Microscopic colitis: a population-based case series over a nine year period within Northern Ireland

Michelle Moore, Helen G Coleman, Patrick B Allen, Maurice B Loughrey

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Abstract

Aim
We report clinicopathological experience of microscopic colitis in a population‐based case series in Northern Ireland, over a nine year period.

Method
The pathology laboratory information system within a large teaching centre serving two healthcare trusts was interrogated for cases coded between 2008 and 2016 as collagenous colitis (CC) or lymphocytic colitis (LC). Demographic, clinical and follow up information was collected from healthcare records.

Results
A total of 326 new diagnoses of MC were identified, an average annual incidence of 6.7 per 100,000 population. The average annual incidence of CC and LC was 5.0 and 1.7 per 100,000 population, respectively. For coding reasons, it is likely LC data is incomplete. Of 191 cases diagnosed by specialist gastrointestinal pathologists, 141 patients had CC and 50 patients had LC. Both CC and LC predominantly involved females aged 60‐79. Some 15% demonstrated endoscopic abnormalities. Endoscopic sampling protocols varied widely: 30% of CC and 32% of LC cases had right and left colon sampled separately, with histology concordant in 95% of cases. Of the 191 cases, only one case (of LC) was refractory to treatment, the rest exhibiting a clinical response. Only 35 patients had follow up endoscopy and biopsies, and three of each diagnosis showed persistent disease on histology. .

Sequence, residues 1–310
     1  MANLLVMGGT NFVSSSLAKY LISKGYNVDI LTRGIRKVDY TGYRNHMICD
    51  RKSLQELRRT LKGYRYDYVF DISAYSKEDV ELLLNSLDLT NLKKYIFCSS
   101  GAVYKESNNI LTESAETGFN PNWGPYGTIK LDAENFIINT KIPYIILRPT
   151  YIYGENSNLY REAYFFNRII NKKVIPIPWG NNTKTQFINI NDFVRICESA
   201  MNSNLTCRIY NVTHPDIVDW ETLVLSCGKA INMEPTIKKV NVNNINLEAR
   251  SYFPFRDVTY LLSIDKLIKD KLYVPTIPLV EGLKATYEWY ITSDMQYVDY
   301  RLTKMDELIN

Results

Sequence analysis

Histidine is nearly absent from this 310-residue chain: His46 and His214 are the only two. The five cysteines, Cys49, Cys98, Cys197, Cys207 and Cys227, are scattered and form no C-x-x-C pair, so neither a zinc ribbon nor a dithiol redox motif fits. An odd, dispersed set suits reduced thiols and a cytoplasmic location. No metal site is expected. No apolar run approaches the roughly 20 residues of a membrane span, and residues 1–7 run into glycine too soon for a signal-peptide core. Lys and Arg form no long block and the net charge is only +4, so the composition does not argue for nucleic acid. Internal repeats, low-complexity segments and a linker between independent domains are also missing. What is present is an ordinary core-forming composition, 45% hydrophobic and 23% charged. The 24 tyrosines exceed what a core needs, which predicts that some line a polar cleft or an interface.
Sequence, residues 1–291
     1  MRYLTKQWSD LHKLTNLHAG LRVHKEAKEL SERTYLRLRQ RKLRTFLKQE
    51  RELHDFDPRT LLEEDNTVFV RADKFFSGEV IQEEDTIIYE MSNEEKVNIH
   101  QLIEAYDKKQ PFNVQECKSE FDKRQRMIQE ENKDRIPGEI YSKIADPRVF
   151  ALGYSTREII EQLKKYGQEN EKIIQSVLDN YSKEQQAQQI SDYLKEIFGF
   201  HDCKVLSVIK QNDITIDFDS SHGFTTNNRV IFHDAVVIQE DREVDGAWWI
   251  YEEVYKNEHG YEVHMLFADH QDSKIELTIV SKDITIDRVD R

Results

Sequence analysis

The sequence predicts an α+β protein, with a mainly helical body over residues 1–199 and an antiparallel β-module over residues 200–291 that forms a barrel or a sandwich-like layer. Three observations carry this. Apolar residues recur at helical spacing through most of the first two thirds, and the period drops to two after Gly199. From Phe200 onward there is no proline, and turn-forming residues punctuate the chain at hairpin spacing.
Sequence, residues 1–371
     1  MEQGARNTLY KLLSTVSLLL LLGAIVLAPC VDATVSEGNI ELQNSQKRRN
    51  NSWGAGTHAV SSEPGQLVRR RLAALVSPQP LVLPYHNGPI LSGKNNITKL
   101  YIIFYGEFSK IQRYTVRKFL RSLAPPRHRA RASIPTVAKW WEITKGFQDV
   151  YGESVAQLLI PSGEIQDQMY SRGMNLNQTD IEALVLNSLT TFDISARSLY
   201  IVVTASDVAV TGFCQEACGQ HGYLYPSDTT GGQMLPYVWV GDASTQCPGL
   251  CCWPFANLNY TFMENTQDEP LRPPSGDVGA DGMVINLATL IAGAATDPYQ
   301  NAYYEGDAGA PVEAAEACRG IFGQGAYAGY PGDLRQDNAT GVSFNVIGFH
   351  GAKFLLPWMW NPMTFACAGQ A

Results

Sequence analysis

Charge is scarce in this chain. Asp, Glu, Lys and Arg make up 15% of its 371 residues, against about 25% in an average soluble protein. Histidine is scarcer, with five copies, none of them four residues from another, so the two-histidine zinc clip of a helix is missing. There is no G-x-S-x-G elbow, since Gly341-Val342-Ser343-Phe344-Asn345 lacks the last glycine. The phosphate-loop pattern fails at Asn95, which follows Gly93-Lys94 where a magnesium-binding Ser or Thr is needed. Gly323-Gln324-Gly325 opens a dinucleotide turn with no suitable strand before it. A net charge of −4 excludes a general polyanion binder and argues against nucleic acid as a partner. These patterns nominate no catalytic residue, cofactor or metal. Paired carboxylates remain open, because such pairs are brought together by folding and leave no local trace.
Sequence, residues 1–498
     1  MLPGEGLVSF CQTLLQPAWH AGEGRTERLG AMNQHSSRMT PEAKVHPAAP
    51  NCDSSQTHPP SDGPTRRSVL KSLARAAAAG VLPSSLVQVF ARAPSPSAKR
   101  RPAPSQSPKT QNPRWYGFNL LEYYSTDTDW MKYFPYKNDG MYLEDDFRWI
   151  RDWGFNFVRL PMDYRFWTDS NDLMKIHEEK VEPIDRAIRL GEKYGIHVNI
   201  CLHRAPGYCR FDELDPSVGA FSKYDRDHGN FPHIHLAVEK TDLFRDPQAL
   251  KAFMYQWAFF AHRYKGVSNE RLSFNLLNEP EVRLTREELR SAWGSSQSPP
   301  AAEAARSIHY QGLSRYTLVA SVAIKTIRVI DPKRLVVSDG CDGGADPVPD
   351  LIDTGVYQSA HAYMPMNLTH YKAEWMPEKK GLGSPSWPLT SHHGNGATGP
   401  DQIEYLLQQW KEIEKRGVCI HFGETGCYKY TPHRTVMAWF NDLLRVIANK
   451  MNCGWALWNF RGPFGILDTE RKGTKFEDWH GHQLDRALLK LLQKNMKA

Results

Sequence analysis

Conclusions
Overall, CC and LC are benign conditions with similar demographics, clinical associations, management and outcomes. Separate sampling of right and left colon is advised at colonoscopy, if this diagnosis is being considered, but left colonic sampling, which can be performed at flexible sigmoidoscopy, will diagnose the vast majority of cases.
Original languageEnglish
JournalColorectal Disease
Early online date09 May 2018
DOIs
Publication statusEarly online date - 09 May 2018

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